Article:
The International Federation of Red Cross and Red Crescent Societies (IFRC) said Monday it will be giving 56,000 Swiss francs, or around $56,200 to North Korea as emergency relief in the aftermath of Typhoon Lingling.
On its official Twitter account on Monday, the IFRC’s Asia Pacific branch said teams of its workers were in North Korean villages assessing the damage done by Typhoon Lingling, which made landfall on the Korean Peninsula over the weekend and wreaked havoc in North Korea’s major food producing provinces before passing through the country early Monday morning.
Pyongyang scoffs but has taken food support from China, Russia
South Korea Wednesday set into motion a donation of $8 million to the World Food Programme (WFP) and Unicef for emergency nutritional and medical assistance to North Korea.
Typhoon Soulik is expected to hit Mokpo, South Jeolla, around Thursday, bringing with it heavy rain and storms that may cause severe damage.
This will be the first time in six years that a typhoon will hit Korea.
The Korea Meteorological Administration (KMA) said at 9 a.m. Monday that the typhoon is passing over the sea southeast of Kagoshima, Japan, and is approaching the Korean Peninsula from below. By Wednesday morning, the medium-sized typhoon is expected to approach Seogwipo, Jeju Island. Its top wind speed is projected to be 87.2 miles per hour.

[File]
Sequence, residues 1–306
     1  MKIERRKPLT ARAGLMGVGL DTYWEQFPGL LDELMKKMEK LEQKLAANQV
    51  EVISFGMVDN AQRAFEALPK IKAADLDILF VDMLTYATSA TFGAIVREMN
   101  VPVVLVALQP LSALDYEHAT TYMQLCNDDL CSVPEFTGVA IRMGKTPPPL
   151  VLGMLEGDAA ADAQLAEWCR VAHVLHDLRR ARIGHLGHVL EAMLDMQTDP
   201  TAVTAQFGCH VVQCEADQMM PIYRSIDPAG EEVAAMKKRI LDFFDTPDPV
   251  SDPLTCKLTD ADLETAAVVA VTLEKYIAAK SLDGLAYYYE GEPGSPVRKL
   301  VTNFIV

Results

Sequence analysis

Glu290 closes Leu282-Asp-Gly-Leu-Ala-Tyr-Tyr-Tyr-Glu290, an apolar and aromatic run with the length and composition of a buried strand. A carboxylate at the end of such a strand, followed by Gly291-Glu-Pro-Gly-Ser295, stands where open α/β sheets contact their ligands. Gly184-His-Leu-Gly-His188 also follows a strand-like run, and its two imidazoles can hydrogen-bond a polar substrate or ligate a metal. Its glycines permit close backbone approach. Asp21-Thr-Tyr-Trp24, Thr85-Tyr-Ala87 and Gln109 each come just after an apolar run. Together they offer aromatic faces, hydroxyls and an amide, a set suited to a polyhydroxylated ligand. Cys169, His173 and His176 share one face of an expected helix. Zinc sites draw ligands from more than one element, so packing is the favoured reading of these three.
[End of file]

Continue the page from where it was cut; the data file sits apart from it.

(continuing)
Humanitarian support is separate, gov’t says, though allies disagree
The South Korean government will give North Korea $8 million worth of aid through two international organizations under the UN, as President Moon Jae-in continues to distinguish between humanitarian assistance and political and military affairs in his dealings with the Kim Jong-un regime.
South Korea Tuesday approved an enforcement ordinance for the North Korean Human Rights Act, allowing the law to come into effect this Sunday, 11 years after the bill was first submitted to the parliament.
Prime Minister Hwang Kyo-ahn passed the ordinance during a cabinet meeting Tuesday, five months after the law was passed by the National Assembly, ending 11 years of partisan wrangling over the content and purpose of the law.